X360A Review: Red Dead Redemption's Liars and Cheats DLC

Richard Walker
In the Old West, you can bet your bottom dollar that the saloons were full of liars and cheats, whether they were playing cards, womanising, double crossing, killing or illegal horse racing, there was always something unlawful and underhand going on. That’s our understanding based upon movie westerns and playing Red Dead Redemption of course, and now appropriately, Red Dead’s 'Liars and Cheats' DLC is now available from the Xbox Live Marketplace.

In Red Dead Redemption, some of the most dull and grinding missions were the ones that involved horse racing, so it was with a great deal of trepidation that we approached the new online multiplayer horse races in the Liars and Cheats pack. In short, they're one of the most frustrating experiences we've had online in recent memory, but for some reason it remains strangely compulsive, mainly because you can shoot you rivals from their horse.

Winning races invariably boils down to surviving a completely random crapshoot, as bullets fly everywhere, people fall off their steeds and you learn to properly manage your horse's stamina lest you get unceremoniously thrown from the saddle. Managing to hustle your way into first place means you'll instantly be the primary target for the rest of the pack, so winning is really just a completely arbitrary outcome based on luck more than anything else.
Playing a hand of poker or a quick game of Liar's Dice online is a far more civilised and gentlemanly pursuit in comparison and a nice break from being constantly shot in the spine. Both gambling games work in exactly the same way as they do in single-player, albeit with the human brain working a bit slower than the skippable AI, so be prepared to do a lot of waiting. Somewhat irritatingly, there's also an in-game 'buy-in' fee required to play, which for poker is a modest $10, but for Liar's Dice, you need to whack down $200, which is a lot for one game. Still, you get a daily allowance meaning that you can get in at least one game a day.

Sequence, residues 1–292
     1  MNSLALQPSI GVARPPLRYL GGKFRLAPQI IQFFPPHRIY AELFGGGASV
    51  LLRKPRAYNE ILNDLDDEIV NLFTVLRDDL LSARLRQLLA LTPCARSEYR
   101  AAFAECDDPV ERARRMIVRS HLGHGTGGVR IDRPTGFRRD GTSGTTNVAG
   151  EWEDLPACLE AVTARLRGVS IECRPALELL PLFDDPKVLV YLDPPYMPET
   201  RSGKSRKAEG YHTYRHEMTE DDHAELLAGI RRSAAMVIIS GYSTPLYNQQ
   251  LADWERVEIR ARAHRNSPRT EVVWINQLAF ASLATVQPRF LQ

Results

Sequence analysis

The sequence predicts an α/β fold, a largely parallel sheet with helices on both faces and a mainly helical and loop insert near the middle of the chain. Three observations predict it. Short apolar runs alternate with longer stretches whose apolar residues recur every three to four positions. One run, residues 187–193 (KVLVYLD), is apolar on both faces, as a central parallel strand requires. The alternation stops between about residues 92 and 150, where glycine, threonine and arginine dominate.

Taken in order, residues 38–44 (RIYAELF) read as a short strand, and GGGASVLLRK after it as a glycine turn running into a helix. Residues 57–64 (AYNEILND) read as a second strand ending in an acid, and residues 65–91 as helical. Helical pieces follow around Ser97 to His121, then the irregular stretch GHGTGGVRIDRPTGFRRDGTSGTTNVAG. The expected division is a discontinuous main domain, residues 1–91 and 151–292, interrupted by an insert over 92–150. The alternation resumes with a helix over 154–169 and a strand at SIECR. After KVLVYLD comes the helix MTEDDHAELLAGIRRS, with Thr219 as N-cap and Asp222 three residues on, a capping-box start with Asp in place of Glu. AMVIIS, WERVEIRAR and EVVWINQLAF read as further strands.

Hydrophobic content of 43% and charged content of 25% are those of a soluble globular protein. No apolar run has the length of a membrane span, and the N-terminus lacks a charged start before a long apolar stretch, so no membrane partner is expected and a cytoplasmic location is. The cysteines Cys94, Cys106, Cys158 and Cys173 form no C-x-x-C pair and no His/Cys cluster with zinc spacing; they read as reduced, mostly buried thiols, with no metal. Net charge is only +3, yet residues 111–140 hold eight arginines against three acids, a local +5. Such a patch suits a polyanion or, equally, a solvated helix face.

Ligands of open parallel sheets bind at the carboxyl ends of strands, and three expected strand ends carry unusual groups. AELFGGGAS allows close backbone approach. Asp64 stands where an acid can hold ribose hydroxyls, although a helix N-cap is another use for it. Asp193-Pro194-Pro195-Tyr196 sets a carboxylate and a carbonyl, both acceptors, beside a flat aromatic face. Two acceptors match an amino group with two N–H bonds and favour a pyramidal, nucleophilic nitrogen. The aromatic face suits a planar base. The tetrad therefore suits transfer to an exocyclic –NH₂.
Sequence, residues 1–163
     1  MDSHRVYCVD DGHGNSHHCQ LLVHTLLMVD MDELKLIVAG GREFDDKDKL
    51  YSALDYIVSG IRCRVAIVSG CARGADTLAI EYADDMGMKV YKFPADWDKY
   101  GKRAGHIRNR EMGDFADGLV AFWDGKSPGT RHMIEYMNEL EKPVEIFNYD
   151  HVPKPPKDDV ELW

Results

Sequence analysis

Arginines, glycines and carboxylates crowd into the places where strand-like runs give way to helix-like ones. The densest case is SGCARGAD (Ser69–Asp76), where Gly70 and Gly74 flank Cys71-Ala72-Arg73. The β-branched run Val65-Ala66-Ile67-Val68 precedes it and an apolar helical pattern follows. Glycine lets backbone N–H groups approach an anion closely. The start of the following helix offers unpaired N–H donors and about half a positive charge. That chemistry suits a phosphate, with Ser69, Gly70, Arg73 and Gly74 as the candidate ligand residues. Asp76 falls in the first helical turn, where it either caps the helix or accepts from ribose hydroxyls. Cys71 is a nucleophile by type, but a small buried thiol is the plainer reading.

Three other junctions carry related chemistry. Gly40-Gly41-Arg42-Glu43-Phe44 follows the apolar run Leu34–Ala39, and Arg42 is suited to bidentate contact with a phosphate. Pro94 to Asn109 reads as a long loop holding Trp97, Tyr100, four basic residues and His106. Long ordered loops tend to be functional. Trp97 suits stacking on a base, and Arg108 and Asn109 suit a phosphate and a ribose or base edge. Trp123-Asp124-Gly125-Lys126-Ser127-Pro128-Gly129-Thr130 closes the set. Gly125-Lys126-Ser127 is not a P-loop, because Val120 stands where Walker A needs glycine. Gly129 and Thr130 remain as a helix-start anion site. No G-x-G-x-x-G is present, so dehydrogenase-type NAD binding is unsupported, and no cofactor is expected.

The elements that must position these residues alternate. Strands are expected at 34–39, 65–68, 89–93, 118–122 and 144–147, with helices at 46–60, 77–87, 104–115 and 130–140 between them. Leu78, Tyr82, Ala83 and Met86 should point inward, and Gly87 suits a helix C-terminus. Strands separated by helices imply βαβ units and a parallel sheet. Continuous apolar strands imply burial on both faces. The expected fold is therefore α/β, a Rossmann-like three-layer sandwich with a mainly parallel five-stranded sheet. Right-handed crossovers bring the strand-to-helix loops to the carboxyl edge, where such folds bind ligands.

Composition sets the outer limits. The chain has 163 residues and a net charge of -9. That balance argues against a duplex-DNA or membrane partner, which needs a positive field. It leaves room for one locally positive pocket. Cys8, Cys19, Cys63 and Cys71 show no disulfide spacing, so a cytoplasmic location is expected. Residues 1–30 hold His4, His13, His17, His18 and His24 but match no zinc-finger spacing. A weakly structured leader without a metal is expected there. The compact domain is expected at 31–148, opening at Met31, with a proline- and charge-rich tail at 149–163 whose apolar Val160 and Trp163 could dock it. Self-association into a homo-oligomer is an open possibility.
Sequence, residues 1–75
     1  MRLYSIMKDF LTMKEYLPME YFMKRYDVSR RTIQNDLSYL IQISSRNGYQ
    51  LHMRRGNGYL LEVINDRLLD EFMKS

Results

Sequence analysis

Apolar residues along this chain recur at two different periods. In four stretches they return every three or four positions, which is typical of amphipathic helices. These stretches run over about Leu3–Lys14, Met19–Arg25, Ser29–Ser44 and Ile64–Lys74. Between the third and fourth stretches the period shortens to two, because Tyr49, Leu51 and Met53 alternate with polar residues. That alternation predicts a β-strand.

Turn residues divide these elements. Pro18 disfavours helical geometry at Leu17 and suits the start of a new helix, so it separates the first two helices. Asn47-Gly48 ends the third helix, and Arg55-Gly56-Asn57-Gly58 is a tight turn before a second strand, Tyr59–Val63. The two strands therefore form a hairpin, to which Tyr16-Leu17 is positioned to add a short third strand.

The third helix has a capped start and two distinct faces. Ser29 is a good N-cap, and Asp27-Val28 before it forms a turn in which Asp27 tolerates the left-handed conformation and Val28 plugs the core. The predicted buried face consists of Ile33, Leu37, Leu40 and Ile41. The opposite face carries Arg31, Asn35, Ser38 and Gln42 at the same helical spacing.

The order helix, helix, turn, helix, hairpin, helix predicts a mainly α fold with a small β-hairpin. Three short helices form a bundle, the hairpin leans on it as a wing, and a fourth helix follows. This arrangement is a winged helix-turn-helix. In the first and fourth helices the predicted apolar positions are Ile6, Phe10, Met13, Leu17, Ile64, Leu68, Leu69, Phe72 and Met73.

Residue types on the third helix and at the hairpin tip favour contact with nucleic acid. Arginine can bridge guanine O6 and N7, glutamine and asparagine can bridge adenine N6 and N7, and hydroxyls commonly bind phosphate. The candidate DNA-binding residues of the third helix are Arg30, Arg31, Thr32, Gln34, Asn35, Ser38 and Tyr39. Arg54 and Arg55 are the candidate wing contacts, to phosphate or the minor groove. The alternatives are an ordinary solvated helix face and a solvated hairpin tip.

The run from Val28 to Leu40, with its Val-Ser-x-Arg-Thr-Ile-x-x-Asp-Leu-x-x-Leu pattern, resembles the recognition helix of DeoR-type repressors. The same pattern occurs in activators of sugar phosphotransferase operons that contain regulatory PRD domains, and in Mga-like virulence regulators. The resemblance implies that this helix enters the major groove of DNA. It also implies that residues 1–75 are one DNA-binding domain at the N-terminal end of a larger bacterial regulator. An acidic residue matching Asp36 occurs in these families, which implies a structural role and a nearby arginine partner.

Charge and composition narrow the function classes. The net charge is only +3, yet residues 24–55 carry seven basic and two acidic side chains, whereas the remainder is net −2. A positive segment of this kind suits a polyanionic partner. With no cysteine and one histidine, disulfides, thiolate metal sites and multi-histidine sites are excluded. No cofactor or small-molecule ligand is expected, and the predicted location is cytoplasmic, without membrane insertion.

Red Dead Redemption's excellent free-roam has also been expanded in Liars and Cheats with seven new gang hideouts to tackle, which range from the small, like Venter's Place, to the slightly larger, like Critchley's Ranch. There are still plenty of enemies to shoot to ribbons though and taking the hideouts on as a posse is still as deliriously fun as always. The player with the highest score at the end of a gang hideout also gets the new Explosive Rifle for their troubles, which packs a hell of a punch. Hanging on to it for any amount of time is difficult though, so while overpowered, the Explosive Rifle isn't conducive to going off on massive rampages. As with the tomahawk from Legends & Killers, the appeal of the Explosive Rifle really lies in the new single-player challenges.
Stronghold matches round out the Liars and Cheats pack, giving players a crack at a Battlefield-style Conquest mode, where a team of attackers take on a team of defenders for control over a series of flags at tactical points on the map. Again, there are certain frustrations you'll encounter in this mode, such as being unable to use your stronghold's cannons until the nearby flag has been taken, leading us to ask, what's the point in even having them in the first place? As a result, the Stronghold matches we played mostly consisted of being relentlessly bombarded by cannon fire from the opposing side, which lead to countless deaths and little to no progress. Thank goodness then for a sedentary game of poker, which is a perfect retreat from a multiplayer match gone awry.

If all of this content isn't quite enough to convince you to part with 800 Microsoft Points, then there's also a host of new gunslinger skins from the single-player story, including John Marston, Irish, Seth and more. For the asking price, there's quite a lot of new stuff then, although the brilliantly named achievements are completely ludicrous. Finishing one horse race in first place is a major ask, but coming first in every race in a single Grand Prix? Now that's a tough one for a meagre 10 Gamerscore. We'd recommend just playing the game for enjoyment and letting the cheevos come on their own.

All in all, Liars and Cheats represents sound value for money, offering plenty of new and interesting stuff for the price, but some of the new game types might test your patience a bit. However, it's worth bearing in mind that most modes are better played in a posse and when frustration does set in, you can always play some poker to cool off for a few minutes, because as you well know, it's a whole different kind of lawless frontier online.
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